Glad to hear I'm not the only one thinking that Paul. I read through mine again this morning and realised that during the 14th rewrite I'd managed to miss out part of the establishing scene. Hey ho :) I'll wait until the lucky 25 are announced and start rewrite 15 then. In the meantime, on with the latest screenplay, should only take me six months or so to realise that's a loser too :)
    Ah, the joys of writing. Quote of the day for me is
    "Writing is easy: All you do is sit staring at a blank sheet of paper until drops of blood form on your forehead".-Gene Fowler

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    Comment number 8.

    Hello

    I have yet to receive email confirmation that the script has been logged, are there still people you are yet to contact?

    Regards

    John

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    Comment number 9.

    Col1958 - I reckon that mine is in the list of characters or set ups, and I'm slightly pleased to see it there... but in all honesty, I don't think it matters either way. They're not all common pitches, and even then common ones still get made and can be brilliant - Flatshares is notoriously sent in all the time, but it led to both Peep Show and Being Human.

    So I wouldn't worry whether your idea is there or not - the world isn't as important as whether it's funny or not.

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    Comment number 10.

    Antrax, I couldn't agree more, the value's in the writing not the set-up, and if it's funny and well-written, you could probably set it in a bus-shelter. (mmmm, I wonder)?
    I meant no disrespect to anyone who can see their idea in the examples mentioned, nor did I think there was anything wrong with them. I was just trying to show how my own doubts and insecurities start niggling at me once it's too late to change anything. Happens every time I let go of a new piece :) Peep Show, Being Human? How I wish I'd thought of those.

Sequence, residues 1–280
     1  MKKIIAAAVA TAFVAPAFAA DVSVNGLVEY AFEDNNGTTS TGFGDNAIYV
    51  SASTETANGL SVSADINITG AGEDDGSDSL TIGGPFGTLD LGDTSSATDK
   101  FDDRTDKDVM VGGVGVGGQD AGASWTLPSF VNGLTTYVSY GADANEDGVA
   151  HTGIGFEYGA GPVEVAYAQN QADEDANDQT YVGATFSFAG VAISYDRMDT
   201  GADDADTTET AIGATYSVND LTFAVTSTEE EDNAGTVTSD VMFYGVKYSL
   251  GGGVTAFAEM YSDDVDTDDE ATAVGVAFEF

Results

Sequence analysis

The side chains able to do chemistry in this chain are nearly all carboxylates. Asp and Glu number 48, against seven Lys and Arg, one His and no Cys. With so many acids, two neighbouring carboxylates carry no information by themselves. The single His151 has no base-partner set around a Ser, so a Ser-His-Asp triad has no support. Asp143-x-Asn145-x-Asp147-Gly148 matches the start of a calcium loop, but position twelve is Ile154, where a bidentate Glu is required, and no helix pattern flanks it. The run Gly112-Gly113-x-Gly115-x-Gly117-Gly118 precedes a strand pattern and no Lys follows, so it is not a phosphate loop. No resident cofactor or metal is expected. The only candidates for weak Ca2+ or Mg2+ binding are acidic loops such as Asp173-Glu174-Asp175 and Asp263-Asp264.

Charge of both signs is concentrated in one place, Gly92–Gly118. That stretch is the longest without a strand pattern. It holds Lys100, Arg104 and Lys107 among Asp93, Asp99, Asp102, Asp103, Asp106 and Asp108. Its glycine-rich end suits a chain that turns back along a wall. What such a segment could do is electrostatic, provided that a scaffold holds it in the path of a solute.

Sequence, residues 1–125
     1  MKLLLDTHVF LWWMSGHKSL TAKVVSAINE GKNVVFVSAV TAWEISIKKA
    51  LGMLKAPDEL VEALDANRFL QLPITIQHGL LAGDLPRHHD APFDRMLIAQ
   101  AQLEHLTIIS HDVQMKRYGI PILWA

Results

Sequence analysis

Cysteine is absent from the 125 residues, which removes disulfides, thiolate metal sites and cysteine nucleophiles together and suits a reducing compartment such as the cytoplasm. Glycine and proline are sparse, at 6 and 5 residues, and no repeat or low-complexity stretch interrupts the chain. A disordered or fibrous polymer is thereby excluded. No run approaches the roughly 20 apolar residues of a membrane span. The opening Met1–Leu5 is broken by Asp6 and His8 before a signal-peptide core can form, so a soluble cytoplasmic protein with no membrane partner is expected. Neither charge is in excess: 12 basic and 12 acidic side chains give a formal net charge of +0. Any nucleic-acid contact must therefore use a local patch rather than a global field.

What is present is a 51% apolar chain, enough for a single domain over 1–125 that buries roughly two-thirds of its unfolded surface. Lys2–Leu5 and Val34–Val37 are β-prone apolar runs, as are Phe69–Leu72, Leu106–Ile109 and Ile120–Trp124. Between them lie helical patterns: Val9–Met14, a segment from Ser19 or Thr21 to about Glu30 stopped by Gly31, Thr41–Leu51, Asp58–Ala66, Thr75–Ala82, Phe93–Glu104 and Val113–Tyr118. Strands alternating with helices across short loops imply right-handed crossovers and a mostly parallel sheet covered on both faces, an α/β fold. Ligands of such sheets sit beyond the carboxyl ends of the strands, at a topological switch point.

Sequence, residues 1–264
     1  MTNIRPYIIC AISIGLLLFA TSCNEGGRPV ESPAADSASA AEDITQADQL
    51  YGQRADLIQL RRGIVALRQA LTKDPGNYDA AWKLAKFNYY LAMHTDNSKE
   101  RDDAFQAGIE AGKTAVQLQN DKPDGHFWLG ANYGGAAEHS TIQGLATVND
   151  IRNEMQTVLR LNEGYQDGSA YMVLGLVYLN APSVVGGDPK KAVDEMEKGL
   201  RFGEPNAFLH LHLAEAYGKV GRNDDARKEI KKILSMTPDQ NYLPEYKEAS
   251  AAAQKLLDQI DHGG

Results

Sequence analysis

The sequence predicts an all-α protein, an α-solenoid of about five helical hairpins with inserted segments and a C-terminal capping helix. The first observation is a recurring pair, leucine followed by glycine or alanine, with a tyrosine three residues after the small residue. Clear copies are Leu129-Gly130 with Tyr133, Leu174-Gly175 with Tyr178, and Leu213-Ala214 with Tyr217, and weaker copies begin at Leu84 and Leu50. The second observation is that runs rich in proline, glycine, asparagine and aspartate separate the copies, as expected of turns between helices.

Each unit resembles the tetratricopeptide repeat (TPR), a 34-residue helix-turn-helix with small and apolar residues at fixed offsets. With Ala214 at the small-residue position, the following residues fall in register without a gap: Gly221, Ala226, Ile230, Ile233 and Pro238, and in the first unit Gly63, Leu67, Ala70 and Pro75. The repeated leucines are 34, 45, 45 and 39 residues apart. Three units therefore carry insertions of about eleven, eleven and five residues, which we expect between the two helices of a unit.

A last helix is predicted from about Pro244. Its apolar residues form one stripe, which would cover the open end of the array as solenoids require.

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    Comment number 11.

    Could someone let me know if my sitcom, HIGHER EDUCATION, has been received? Posted 17 Feb. Thanks, Louise (& Ade).

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    Comment number 12.

    I completely agree with Antrax and Col1958 on premises and set-ups.
    My entry was (admittedly) pretty cliche (think The Simpsons), and has been done quite a few times. Then again, the reason so many people DO that kind of set-up is because it's clearly tried, tested and successful. Also those kinds of set-ups are usually far easier to sustain, whereas original concepts usually get weighed down a bit by having to keep with the premise. An original premise of a four-headed man-fish who owns a blood-bank-Quidditch-team on the darkest side of Mordor would of course be new and fresh, but sustaining it past episode 1 would be very tough.
    Personally I've tried going for outrageous and original plots and stories to keep it different, but then that's frowned upon for being too unrealistic. That means somehow it's predictable and typical while being unrealistic and outrageous.